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Retail Rebel

With the shift to online shopping and the pervasiveness of the behemoth that is Amazon several secondary markets have sprung up. Among them is the concept of a store front with a declining price model where online returns are made available at an introductory price and over time get progressively cheaper.

Amazon does not release numbers on the amount of returns they accept (that I could find at 11 PM on a Tuesday evening) but estimates are as high as 30% of all sales with this being higher for clothing. All those returns need to go somewhere and million-dollar industries exist to resell or dispose of the mountain of items. My intent is not to go into the ethics or commerce behind all of this rather to spotlight a small end user subset.

Kansas City has several iterations of the resell shop some focusing on auctions, warehouse pricing or bin pricing. Retail Rebel utilizes all 3 of these to milks every dollar they can out of the waste shed by the largest online retailer in the world. They accept truckloads of Amazon returns (and some overstock) on a weekly basis distributing them to their (currently) 7 locations in the Kansas City area and Iowa.

Today I visited the Kansas City, KS store and discovered a large room lined with rows of bins each roughly 5’ cubed and overflowing with a random assortment of items. They claim to not skim the bins but I find it hard to believe they are completely untouched between the truck and the public. That said beginning on Saturday they open their doors with “fresh” material and the public is allowed to sift through them.

On a Saturday, the first day, each item is sold at the high of $10. I have picked up $60 board games, a nice battery pack, a high-end volleyball, dish sets, etc. at this introductory price. Bins are wheeled out at open and again at noon, there is a certain amount of excitement digging through looking for deals. Part of me realizes that it’s a fool errand and even when I find quality and heavily discounted items it’s rarely ever something I legitimately need. In reality abstaining or purchasing the one or two items I justifiably need would be more cost effective but I still enjoy “the hunt”.

Each day following the first the prices gradually drop so if you visit on say a Tuesday (like today) you are paying $3 per item. Waiting till Friday may yield the best prices at 95% off but it is so heavily picked over there are very few things worth $0.50. According to the security guard I spoke to today the remaining items are donated but frankly I cannot see what group would be interested in broken light sconces, detached remotes or graduation signs for 2019. It seems much more likely these are trashed after their failed attempt to avoid the landfill.

I had some time to kill today and usually tell myself I am visiting to look for items to use in geocaches. While this has happened from time to time I usually end up with one or two household gadgets. As 98% of the items originate with Amazon using the scan function on the Amazon app makes it easy to identify any item and see what the full price cost was. Occasionally a quick scan of these reviews will give insight into why it was likely returned (and serve as a cautionary tale against repeating the sin). With enough patience however you can usually uncover a handful of items that intersect at being both worthwhile and cost justified.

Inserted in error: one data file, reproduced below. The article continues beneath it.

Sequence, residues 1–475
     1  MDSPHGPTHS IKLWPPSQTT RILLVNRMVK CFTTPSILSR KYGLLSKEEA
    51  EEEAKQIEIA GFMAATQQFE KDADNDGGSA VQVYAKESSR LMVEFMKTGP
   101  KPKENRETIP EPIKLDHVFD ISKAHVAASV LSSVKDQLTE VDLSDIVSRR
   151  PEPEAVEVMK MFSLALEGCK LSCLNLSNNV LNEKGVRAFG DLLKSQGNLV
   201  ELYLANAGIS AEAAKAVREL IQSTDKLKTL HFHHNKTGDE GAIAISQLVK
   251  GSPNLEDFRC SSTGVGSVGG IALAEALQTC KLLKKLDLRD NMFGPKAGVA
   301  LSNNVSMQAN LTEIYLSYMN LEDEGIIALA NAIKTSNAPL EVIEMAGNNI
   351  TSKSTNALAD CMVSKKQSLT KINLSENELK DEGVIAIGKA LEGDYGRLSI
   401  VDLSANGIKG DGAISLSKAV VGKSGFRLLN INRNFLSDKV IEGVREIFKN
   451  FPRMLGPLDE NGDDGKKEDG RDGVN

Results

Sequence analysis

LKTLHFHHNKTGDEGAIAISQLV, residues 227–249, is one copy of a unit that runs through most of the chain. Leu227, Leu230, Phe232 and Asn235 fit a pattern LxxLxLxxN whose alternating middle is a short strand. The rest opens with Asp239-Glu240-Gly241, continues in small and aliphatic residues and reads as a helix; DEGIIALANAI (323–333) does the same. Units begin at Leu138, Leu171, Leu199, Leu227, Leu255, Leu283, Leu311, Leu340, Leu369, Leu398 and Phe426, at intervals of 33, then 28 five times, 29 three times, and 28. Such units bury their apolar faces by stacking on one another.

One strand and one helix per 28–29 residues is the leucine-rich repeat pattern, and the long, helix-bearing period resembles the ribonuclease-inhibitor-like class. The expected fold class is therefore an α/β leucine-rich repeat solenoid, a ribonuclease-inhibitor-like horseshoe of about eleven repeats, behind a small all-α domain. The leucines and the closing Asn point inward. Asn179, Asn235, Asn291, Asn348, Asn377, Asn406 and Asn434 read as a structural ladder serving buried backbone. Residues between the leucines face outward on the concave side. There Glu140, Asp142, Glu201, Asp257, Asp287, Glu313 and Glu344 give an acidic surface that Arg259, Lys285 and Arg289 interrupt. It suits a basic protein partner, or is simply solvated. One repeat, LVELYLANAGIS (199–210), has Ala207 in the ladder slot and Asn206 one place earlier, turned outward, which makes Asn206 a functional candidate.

The bins are elevated off the ground but you need to dig through a few feet of items to see what has been cycled to the bottom. Small (sometimes expensive items) easily fall below the bulky items and some visitors will purposely bury things in the hopes of returning another day and getting it cheaper. It is however important to be careful as many treasure hunters are rough and glass items often break. When this happens unless an employee is diligent dangerous shrapnel can lay in wait under that copy of Fast and Furious with Spanish dubbing you were considering.

Along the back wall is a row of outlets to test any electrical items (as best you can) and trash cans are scattered around to allow customers to aid in the removal of broken junk. Today I took this opportunity to unburden them from a torn Trump 2020 sign. It was a shame to see it go but somehow, I think they will recover.

Instead of grabbing a cart (this encourages buying more items) I moved my stack with me perching the items on the intersection of where two bins meet. I found 4 items worth my time today including a digital antenna (ours has been on the fritz), a BBQ mat for grilling, a knock off swiss army knife with loads of little gadgets and a bag of quality cloth masks. At some point along the way someone else decided they wanted the knife and when I wasn’t looking plucked it from my stack. Once I caught wind of this I glanced around briefly and then decided it was time I made my departure. My investment of 30 minutes and $9 gave me my retail fix for the day.


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